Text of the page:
Scientists and their partners in procurement have to make careful determinations about how they spend their limited budgets on capital equipment. Procurement departments are also constantly looking for low-cost options that still meet performance criteria. One of those options is a refurbished instrument. In the area of mass spectrometry, researchers and scientists can choose from a broad range of suppliers so selecting the right one is critical.
Pre-owned MS systems are available from the original equipment manufacturer (OEM), warehouse retailers, brokers, auction houses, and even on eBay. Yet, buying mission-critical instruments from third parties can carry significant risk in terms of quality, installation, up-time, cost of service, and lifecycle support. This makes a strong case for selecting the OEM for your used equipment needs.
Here are five reasons why:
1. Great performance for the price.
OEMs that have used instrument and refurbishment programs provide robust mass specs that are often available at much lower prices and with the same quality and performance as new instruments.
2. High standards.
OEMs refurbish instruments to precise manufacturing specifications that include new parts replacement, safety upgrades, complete instrument testing across the breadth of performance parameters, full quality control inspections, and more. Used equipment brokers and resellers cannot meet these standards. Consumers should be very cautious when third-party companies claim they meet the manufacturer’s original specs. For example, the OEM will test and tune a mass spec across a wide array of performance modes and mass ranges whereas third parties may only optimize on one test compound with a narrow mass range.
3. Superior service and support.
If sample limitations, instrument uptime, and service response time are important considerations, the OEM is well equipped to meet customer needs.
They have large, global, highly trained service organizations that provide previously owned warranty service, often with 48-hour response. Third-party supplier/vendors do not have the resources to provide fast response in all geographies.
OEMs will have phone support for hardware, software, and application questions as part of the instrument warranty (typically one year) with access to technical documents that third parties cannot offer. In addition, they have expert scientists to provide assistance with method development or application issues. While many third parties may provide a one-year warranty, they cannot match the OEM for the performance and quality of their service and applications support.
OEMs have expert sales specialists that can help you select the correct instrument for your application requirements (for example, triple quads versus high resolution accurate mass systems) at the needed price point.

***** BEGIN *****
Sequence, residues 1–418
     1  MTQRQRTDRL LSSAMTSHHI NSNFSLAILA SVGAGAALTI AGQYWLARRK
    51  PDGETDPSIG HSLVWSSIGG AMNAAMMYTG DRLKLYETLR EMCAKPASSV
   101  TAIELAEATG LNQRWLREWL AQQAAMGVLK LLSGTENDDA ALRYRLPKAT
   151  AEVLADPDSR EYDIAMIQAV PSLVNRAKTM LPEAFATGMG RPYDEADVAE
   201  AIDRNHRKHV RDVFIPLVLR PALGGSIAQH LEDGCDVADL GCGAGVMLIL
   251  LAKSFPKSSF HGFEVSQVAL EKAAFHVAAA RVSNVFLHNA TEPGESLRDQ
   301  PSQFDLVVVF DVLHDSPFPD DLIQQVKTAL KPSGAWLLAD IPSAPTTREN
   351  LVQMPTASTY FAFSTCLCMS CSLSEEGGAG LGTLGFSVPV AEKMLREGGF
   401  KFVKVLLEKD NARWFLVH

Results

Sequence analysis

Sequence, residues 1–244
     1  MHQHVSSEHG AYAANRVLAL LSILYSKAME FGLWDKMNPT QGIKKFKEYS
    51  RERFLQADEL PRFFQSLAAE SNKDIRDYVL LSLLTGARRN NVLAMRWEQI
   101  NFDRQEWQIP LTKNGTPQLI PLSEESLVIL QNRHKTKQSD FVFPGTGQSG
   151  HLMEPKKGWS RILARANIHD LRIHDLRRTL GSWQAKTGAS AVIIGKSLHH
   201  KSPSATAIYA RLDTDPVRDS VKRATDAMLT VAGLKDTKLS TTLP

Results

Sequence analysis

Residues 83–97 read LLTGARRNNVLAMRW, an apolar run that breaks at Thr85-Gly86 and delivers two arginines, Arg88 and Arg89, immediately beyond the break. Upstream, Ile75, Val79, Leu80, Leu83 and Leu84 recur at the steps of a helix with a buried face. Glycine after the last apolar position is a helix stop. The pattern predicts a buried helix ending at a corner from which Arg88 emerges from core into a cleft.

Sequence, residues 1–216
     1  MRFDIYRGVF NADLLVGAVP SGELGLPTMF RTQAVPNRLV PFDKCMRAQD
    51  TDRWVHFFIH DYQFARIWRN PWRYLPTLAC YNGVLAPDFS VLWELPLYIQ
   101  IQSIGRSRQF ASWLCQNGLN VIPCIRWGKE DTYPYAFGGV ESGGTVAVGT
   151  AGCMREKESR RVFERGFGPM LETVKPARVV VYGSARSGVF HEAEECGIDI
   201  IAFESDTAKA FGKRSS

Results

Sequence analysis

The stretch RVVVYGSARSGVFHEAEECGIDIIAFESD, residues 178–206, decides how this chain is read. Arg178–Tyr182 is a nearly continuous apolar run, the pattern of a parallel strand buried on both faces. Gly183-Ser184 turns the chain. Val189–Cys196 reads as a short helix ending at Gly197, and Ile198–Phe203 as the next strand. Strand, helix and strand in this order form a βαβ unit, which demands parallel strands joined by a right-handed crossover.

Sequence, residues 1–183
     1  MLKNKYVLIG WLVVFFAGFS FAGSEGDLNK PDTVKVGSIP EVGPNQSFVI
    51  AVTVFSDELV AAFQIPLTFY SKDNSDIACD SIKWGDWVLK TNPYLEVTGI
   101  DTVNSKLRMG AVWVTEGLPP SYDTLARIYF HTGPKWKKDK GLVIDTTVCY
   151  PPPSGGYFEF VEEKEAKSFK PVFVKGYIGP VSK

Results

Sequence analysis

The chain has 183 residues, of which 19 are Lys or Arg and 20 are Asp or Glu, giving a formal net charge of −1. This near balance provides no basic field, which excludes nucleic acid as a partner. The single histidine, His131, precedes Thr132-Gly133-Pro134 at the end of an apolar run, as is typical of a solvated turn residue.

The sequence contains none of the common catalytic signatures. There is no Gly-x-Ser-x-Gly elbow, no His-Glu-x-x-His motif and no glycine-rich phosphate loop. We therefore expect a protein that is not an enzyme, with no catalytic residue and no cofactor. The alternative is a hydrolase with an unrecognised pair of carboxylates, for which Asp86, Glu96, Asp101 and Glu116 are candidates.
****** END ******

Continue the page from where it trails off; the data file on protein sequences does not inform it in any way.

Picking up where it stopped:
What happens when third-party service cannot repair a down instrument? The original equipment manufacturer has a dedicated service team that will provide first-, second-, and third-level escalation resources to get you up and running as quickly as possible. If the service engineer (level 1) cannot repair the instrument, they will call in a regional technical specialist (level 2). If they cannot repair the instrument, specialized factory resources (level 3) will be called to support the escalation. Some OEMs offer a “fix or replace” assurance to their customers. While not a separate line item on an OEM sales order, escalation support should be a consideration when buying a previously owned instrument.
4. Software compatibility.
Software is critical to any workflow and OEMs are regularly introducing new and updated software that matches the hardware closely and allows for maximum overall performance.
5. Low cost of ownership.
When evaluating suppliers of pre-owned instrumentation, it’s important to consider cost of ownership. Buying from a third-party provider may appear to be a good financial decision on paper given the lower purchase price but slow or unpredictable service response, unplanned downtime, loss of precious sample, and impacts to your business objectives and ROI can more than offset those initial savings. With the OEM, you may pay more up front but will benefit in the long run from excellent warranty service and support, great uptime, and high productivity.
A refurbished instrument can be a remarkable option when you need to add to your lab’s capabilities but have a limited capital budget. Be sure you take into account all the factors, not just purchase price, that can impact your decision now and in the future. Buying from the OEM offers many benefits, not the least of which are the security and peace of mind you get from knowing you have a trusted partner that will help you get the most out of your pre-owned equipment for many years to come.